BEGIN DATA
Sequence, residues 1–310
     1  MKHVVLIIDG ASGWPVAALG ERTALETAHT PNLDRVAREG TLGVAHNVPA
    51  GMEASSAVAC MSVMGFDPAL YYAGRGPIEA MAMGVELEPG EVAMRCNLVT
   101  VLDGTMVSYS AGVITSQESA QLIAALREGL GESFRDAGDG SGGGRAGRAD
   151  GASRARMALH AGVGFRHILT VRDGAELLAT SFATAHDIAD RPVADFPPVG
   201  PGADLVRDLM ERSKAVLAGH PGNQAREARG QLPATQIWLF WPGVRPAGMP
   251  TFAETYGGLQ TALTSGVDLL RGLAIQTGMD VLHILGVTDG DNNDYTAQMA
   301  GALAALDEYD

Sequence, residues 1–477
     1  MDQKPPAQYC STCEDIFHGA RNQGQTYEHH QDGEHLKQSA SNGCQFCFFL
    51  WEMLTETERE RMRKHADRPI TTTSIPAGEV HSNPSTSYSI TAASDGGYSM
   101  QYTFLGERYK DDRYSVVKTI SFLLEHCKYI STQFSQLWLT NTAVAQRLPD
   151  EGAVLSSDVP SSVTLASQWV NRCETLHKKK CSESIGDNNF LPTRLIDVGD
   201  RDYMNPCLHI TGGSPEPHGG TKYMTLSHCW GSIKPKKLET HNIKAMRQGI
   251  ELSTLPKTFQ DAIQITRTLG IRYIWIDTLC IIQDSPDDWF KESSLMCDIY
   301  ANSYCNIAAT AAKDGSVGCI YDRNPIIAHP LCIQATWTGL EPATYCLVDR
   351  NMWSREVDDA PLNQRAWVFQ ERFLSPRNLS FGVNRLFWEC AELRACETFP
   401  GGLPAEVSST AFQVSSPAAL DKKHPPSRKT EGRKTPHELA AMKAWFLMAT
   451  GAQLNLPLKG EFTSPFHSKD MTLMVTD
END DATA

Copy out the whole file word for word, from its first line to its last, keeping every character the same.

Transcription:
Sequence, residues 1–310
     1  MKHVVLIIDG ASGWPVAALG ERTALETAHT PNLDRVAREG TLGVAHNVPA
    51  GMEASSAVAC MSVMGFDPAL YYAGRGPIEA MAMGVELEPG EVAMRCNLVT
   101  VLDGTMVSYS AGVITSQESA QLIAALREGL GESFRDAGDG SGGGRAGRAD
   151  GASRARMALH AGVGFRHILT VRDGAELLAT SFATAHDIAD RPVADFPPVG
   201  PGADLVRDLM ERSKAVLAGH PGNQAREARG QLPATQIWLF WPGVRPAGMP
   251  TFAETYGGLQ TALTSGVDLL RGLAIQTGMD VLHILGVTDG DNNDYTAQMA
   301  GALAALDEYD

Sequence, residues 1–477
     1  MDQKPPAQYC STCEDIFHGA RNQGQTYEHH QDGEHLKQSA SNGCQFCFFL
    51  WEMLTETERE RMRKHADRPI TTTSIPAGEV HSNPSTSYSI TAASDGGYSM
   101  QYTFLGERYK DDRYSVVKTI SFLLEHCKYI STQFSQLWLT NTAVAQRLPD
   151  EGAVLSSDVP SSVTLASQWV NRCETLHKKK CSESIGDNNF LPTRLIDVGD
   201  RDYMNPCLHI TGGSPEPHGG TKYMTLSHCW GSIKPKKLET HNIKAMRQGI
   251  ELSTLPKTFQ DAIQITRTLG IRYIWIDTLC IIQDSPDDWF KESSLMCDIY
   301  ANSYCNIAAT AAKDGSVGCI YDRNPIIAHP LCIQATWTGL EPATYCLVDR
   351  NMWSREVDDA PLNQRAWVFQ ERFLSPRNLS FGVNRLFWEC AELRACETFP
   401  GGLPAEVSST AFQVSSPAAL DKKHPPSRKT EGRKTPHELA AMKAWFLMAT
   451  GAQLNLPLKG EFTSPFHSKD MTLMVTD